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Can ‘Clean Energy’ Schemes Get Any Crazier? 

Paul Driessen

April 2024

Can ‘Clean Energy’ Schemes Get Any Crazier? 

 

The US Interior Department’s Bureau of Ocean Energy Management recently designated two Wind Energy Areas in deepwater areas off the Oregon coast. BOEM is also reviewing offshore wind energy development options for the Gulf of Maine, Central Atlantic, Gulf of Mexico, and maybe the Great Lakes.

They’re part of Team Biden’s plan to deploy 30,000 megawatts of offshore wind energy capacity by 2030 and 15,000 MW of floating offshore wind energy capacity by 2035. Capacity is what the turbines could generate when the wind is blowing at optimal speeds, perhaps 30-40% of the year.

30,000 MW is what 2,500 12-MW turbines could generate. It’s enough to meet New York State’s current peak electricity needs on a hot summer day. Add the electricity required to replace gasoline cars and natural gas furnaces and stoves, meet surging AI, data center and streaming video demands, and charge grid-scale backup batteries – and New York alone would likely need 10,000 12-MW offshore turbines.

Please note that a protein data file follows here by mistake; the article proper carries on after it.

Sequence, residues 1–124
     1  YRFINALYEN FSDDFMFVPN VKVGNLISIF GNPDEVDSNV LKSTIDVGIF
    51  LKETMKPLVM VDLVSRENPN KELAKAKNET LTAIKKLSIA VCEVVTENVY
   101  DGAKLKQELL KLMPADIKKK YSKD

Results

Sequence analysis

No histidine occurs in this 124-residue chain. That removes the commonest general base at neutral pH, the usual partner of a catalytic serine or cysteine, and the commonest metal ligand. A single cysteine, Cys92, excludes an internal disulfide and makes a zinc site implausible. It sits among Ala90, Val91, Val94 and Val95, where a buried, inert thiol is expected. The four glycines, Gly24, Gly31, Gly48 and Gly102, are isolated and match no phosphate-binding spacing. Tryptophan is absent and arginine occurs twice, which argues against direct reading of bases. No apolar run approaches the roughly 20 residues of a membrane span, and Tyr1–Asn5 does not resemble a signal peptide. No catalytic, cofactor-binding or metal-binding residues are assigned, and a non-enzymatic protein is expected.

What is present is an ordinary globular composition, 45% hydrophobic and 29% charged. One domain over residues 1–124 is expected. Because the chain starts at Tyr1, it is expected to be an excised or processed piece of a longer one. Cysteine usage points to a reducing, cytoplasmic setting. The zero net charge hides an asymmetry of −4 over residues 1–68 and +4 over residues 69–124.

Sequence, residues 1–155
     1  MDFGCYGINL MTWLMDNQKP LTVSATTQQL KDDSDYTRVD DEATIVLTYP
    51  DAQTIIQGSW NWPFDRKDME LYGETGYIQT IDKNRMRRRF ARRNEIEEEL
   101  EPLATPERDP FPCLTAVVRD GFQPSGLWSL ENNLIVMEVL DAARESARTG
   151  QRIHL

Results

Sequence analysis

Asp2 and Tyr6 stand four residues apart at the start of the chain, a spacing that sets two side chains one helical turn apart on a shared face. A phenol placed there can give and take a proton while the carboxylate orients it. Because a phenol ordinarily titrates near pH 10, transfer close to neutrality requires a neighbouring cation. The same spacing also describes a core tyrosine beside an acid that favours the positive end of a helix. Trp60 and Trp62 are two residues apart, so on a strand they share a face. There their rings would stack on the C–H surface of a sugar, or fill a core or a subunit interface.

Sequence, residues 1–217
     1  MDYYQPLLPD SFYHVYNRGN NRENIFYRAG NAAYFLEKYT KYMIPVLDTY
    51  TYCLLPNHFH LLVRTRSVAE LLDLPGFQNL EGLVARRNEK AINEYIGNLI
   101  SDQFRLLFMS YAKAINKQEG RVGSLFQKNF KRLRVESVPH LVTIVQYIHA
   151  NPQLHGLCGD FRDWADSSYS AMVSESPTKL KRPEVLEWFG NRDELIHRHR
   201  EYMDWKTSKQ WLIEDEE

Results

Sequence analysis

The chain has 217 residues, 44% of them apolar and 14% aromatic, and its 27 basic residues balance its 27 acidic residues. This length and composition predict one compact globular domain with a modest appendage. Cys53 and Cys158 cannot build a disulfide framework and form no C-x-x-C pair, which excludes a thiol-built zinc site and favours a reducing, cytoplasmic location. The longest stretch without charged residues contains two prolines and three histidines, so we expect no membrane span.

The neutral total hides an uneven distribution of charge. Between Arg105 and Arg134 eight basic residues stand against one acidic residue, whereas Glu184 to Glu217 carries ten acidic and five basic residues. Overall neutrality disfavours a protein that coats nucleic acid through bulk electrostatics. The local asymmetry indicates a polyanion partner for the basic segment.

Meeting the soaring electricity needs of all US states would require hundreds of thousands more.

BOEM nevertheless insists that “Offshore wind is a once-in-a-generation opportunity to build a new clean energy industry, tackle the climate crisis, and create good-paying jobs while ensuring economic opportunities for all communities.”

Note to be outdone in baseless puffery, the Department of Energy extols the Administration’s goal of “decarbonizing” the entire US electric grid by 2035 and says “offshore wind is especially well-suited” for generating “clean energy.” Two-thirds of all US offshore wind potential, it says, exists over ocean areas so deep that turbines must be mounted on floating platforms anchored to the seafloor by mooring lines tied to suction piles sunk into bottom sediments.

DOE even claims it will somehow reduce the cost of floating deepwater wind energy to $45 per megawatt-hour by 2035. (That’s 45¢ per kilowatt-hour, triple what most Americans now pay.) To buttress its claims, DOE presents maps, artist’s renderings, and images of floating turbine arrays.

It’s almost as though these government officials actually believe they can solve the alleged climate crisis by simply issuing proclamations, regulations, drawings, press releases, and subsidies – and Voila!